Venus Arrives in Paris – © Jeanine Stevens
At the Art Academy
After a photo—Montparnasse
by Ivan Massar, 1949
Students in Peter-Pan collars work the angles.
The model’s platform rests next to a cold stove.
Water pitcher and coalscuttle gather dust.
The nude, hair coiffed in curls, is an oval shape
caught on thin bones, nature morte, placed
just so. Cramped, she focuses on the soft sound
of charcoal, the gentle eraser’s occasional rub.
It helps to slip into reverie, go where
cramps hold her calf and the arm’s numb elbow.
In a three-piece suit, the jaunty instructor,
lower lip dangling a cigarette,
hurries by, heels tapping, eyes elsewhere.
The room is heavy with women’s scent, pungent
oil, turpentine and smudge.
She looks forward to the slow walk by the Seine
watching others in luxury barges. Maybe someone
will wave a gloved hand. There are wages enough
to buy food for the cat, bread and tomatoes for mother.
The Bateau Lavoir
Birthplace of Cubism
Named for the swaying laundry barges
docked along the Seine, you are
a lopsided house of cards,
a pile of worn timbers,
an empty rabbit warren.
I rub a grimy window, peer
into barren cubicles and there
a canvas, a few brushes,
rusty stove to warm,
a green earthenware basin,
yellow soap, cracked plate with remnants
of a small cassoulet,
coarse bread, over ripe
Reblochon cheese and a strong wine.
Mounting rickety stairs,
I sidestep loosely stacked easels on an open balcony,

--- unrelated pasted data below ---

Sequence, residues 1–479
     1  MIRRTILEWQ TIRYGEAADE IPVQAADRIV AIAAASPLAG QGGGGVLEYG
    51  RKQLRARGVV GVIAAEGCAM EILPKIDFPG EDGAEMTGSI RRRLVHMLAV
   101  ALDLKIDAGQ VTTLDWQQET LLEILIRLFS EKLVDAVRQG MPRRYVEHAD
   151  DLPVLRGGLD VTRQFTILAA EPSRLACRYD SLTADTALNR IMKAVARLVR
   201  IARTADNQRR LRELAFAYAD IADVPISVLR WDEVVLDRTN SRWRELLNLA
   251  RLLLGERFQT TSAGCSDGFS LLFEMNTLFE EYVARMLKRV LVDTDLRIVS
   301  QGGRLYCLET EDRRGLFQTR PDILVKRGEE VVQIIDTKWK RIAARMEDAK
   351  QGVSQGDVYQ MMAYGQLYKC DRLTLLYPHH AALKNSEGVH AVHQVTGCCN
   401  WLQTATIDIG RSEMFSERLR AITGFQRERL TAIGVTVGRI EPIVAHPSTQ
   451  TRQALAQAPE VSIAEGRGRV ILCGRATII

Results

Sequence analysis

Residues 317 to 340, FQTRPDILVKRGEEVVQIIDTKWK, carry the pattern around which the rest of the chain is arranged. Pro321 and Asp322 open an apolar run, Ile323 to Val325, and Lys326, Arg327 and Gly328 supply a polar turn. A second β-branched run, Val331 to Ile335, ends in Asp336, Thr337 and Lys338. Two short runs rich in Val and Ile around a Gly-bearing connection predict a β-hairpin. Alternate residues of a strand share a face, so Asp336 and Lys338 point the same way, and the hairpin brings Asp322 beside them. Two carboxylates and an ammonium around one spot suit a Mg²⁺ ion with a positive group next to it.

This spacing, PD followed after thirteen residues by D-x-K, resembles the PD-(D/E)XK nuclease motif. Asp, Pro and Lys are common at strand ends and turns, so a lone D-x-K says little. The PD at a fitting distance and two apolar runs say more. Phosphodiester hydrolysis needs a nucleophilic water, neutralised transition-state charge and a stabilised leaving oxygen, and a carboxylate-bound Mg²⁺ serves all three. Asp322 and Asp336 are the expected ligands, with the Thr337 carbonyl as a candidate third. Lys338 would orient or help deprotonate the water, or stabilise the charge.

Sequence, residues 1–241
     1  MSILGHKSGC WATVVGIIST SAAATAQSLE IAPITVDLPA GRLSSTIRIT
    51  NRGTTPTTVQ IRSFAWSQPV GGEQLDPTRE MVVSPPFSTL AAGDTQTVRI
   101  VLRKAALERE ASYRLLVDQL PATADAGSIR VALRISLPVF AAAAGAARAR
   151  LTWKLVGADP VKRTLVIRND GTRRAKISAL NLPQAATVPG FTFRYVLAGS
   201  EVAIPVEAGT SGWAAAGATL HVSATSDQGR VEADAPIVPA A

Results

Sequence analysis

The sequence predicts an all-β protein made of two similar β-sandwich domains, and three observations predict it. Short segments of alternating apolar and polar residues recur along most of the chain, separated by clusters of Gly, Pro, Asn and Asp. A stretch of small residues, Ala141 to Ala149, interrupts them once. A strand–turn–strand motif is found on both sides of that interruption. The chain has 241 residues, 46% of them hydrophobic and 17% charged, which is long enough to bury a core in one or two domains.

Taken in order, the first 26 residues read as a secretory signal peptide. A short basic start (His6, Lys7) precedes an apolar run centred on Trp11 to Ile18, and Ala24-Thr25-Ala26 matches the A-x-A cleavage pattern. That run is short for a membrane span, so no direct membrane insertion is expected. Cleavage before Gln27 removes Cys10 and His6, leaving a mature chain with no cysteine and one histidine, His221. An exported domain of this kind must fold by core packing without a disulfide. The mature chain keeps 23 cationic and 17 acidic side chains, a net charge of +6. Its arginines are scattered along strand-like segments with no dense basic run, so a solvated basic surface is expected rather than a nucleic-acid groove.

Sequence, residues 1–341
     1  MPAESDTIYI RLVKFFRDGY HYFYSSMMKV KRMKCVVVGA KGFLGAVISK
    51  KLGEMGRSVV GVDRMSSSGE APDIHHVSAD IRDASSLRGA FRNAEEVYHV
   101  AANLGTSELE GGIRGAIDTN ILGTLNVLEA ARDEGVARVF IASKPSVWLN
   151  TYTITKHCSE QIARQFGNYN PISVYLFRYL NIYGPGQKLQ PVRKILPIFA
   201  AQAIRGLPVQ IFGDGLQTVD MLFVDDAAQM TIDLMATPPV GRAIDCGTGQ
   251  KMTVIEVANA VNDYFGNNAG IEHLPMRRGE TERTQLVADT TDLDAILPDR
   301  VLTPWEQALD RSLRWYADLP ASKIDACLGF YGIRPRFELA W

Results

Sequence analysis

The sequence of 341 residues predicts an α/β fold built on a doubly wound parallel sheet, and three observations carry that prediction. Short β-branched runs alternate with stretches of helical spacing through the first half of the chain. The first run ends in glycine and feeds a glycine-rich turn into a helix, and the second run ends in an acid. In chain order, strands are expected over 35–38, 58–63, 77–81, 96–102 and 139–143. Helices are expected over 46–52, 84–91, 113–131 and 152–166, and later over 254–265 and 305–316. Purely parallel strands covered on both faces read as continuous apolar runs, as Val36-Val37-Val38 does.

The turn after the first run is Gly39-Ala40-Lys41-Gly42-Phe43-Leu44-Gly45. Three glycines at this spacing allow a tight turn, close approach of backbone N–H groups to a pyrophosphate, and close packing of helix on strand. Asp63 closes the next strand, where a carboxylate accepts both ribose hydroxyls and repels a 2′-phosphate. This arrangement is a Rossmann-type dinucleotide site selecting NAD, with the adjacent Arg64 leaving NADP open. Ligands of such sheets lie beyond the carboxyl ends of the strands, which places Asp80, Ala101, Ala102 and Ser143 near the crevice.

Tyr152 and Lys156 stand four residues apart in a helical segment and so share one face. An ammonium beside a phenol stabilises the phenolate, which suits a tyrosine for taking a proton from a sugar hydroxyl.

descend splintered steps,
through angled corridors
reaching a jumble of small studios.
Over one door, La Bande a Picasso.
Inside, a steamer trunk painted black,
a rush chair, mattress,
bottles of paraffin,
and a white mouse, tamed,
still waiting in an open drawer.
“Living Badly, Working Calmly”
faintly scratched on the narrow sill.
What songs were sung, garlands
strung at this pollination, incubation—
blue enamel and linseed oil
running between floorboards:
potash, lime and marl
fertilizing this grotto, seedbed
of off-center cubes, disharmonic faces?
Picasso moved on to richer lodgings,
but others remained, creative
forces gushing through walls, racing
to outrun hashish, opium
before personalities multiplied too soon,
ending in hospitals and hangings.
Today, there is an open window,
street sounds and laughter,
those heated conversations echoing
defenses of form. And, you
remain—a small storefront café
Calligramme, Guillaume Apollinaire
From the small Arabian town
I took a keepsake,
of a star pulsating with new fire
engorged on desert heat.
Above the clove-scented rooftops,
five points gleamed overlarge
in the azure sky.
I wanted to fill
my heart with music but
the tender muscle lay open
its boundary for another song.
I remember your voice in my ear
like a sprite abuzz
with too many words.
for crossing you out.
The studio portrait I’ve expected
for so long…arrived today!
On the back, the photographer’s
logo: a burnt rose
and twin cannons aflame.
© Jeanine Stevens